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J Am Acad Child Adolesc Psychiatry. 2006 Nov;45(11):1294-1303. doi: 10.1097/01.chi.0000235082.63156.27.

Safety and tolerability of methylphenidate in preschool children with ADHD.

Author information

1
Drs. T. Wigal, S. Wigal, Stehli, Thorp, and Swanson are with the University of California, Irvine; Dr. Abikoff is with the New York University Child Study Center, New York; Drs. McCracken and McGough are with the University of California, Los Angeles; Dr. Riddle is with Johns Hopkins University, Baltimore; Dr. Kollins is with Duke University Medical Center; Durham, NC; Drs. Greenhill, Chuang, and Posner, Ms. Skrobala, and Mr. Davies are with New York State Psychiatric Institute/Columbia University, New York; Dr. Vitiello is with the National Institute of Mental Health, Bethesda, MD; and Dr. Ghuman is with the University of Arizona, Tucson.
2
Drs. T. Wigal, S. Wigal, Stehli, Thorp, and Swanson are with the University of California, Irvine; Dr. Abikoff is with the New York University Child Study Center, New York; Drs. McCracken and McGough are with the University of California, Los Angeles; Dr. Riddle is with Johns Hopkins University, Baltimore; Dr. Kollins is with Duke University Medical Center; Durham, NC; Drs. Greenhill, Chuang, and Posner, Ms. Skrobala, and Mr. Davies are with New York State Psychiatric Institute/Columbia University, New York; Dr. Vitiello is with the National Institute of Mental Health, Bethesda, MD; and Dr. Ghuman is with the University of Arizona, Tucson.. Electronic address: larrylgreenhill@cs.com.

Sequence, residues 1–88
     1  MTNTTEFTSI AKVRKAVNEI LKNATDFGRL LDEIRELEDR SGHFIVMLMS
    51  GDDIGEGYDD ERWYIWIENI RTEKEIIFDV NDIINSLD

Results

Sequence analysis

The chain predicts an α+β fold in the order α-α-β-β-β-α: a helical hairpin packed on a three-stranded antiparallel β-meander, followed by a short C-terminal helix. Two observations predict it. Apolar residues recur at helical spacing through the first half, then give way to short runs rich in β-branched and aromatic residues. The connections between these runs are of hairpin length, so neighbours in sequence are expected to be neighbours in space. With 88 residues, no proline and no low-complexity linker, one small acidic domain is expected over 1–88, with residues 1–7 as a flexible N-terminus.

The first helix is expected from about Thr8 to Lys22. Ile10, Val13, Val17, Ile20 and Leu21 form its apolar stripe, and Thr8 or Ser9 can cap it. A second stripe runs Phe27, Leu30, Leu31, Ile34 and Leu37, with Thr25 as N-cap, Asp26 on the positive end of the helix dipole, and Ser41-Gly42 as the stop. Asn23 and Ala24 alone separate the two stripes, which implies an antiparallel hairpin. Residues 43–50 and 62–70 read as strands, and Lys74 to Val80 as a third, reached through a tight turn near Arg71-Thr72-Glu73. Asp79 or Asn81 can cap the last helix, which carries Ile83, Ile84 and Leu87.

Abstract

OBJECTIVE:

To report on the safety and tolerability of methylphenidate (MPH) 3- to 5-year-old children with attention-deficit/hyperactivity disorder (ADHD) during 1 year of treatment.

METHOD:

Exactly 183 children (3-5 years old) entered a treatment study of MPH, consisting of a 1-week open-label lead-in (n=183); a 5-week placebo-controlled, double-blind phase (n=165); a 5-week double-blind, parallel phase (n=114); and 10 months of open-label maintenance (n=140 entered, 95 completed). Mean total daily MPH doses rose from the titration trial best dose, 14.1 (+/-8.1) mg/day, to 20.5 (+/-9.7) mg/day mean total daily dose at the end of maintenance. Pulse, blood pressure, and the presence of treatment emergent adverse events (AEs), parent and teacher AE ratings, and vital signs were recorded in each phase.

RESULTS:

Thirty percent of parents spontaneously reported moderate to severe AEs in all study phases after baseline. These included emotional outbursts, difficulty falling asleep, repetitive behaviors/thoughts, appetite decrease, and irritability. During titration, decreased appetite (chi=5.4, p<.03), trouble sleeping (chi=5.4, p<.03), and weight loss (chi=4.0, p<.05) occurred statistically more often on MPH than on placebo. During maintenance, trouble sleeping and appetite loss persisted and other MPH-related AEs decreased. There were transient, one-time pulse and blood pressure elevations in five children. Twenty-one children (11%) discontinued because of drug-attributed AEs.

CONCLUSIONS:

Eleven percent of preschoolers discontinued treatment because of intolerable MPH AEs. Of the serious AEs reported, one occurred in baseline, two in lead-in, three in titration, one in parallel, and one in maintenance. Only one was possibly related to MPH.

[Indexed for MEDLINE]

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